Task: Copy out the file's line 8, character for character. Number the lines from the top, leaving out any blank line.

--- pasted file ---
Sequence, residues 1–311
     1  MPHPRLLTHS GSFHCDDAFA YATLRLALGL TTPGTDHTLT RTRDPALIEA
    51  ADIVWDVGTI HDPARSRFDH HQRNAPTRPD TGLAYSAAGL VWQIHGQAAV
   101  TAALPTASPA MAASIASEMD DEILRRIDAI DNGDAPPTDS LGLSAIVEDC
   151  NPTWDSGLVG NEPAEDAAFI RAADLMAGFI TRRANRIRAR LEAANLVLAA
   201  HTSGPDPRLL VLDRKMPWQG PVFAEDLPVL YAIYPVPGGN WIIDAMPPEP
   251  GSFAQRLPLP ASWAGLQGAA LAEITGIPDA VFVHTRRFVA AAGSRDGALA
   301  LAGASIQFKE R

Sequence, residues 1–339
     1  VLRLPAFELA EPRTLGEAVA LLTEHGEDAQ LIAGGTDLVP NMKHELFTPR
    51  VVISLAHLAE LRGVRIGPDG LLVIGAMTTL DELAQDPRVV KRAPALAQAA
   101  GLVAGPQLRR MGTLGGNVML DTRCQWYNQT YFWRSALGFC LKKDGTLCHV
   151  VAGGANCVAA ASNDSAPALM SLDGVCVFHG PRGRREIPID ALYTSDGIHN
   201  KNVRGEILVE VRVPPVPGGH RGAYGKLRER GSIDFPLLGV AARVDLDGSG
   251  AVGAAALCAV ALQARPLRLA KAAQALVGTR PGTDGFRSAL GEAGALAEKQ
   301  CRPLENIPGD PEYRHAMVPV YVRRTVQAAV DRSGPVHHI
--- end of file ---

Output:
   301  LAGASIQFKE R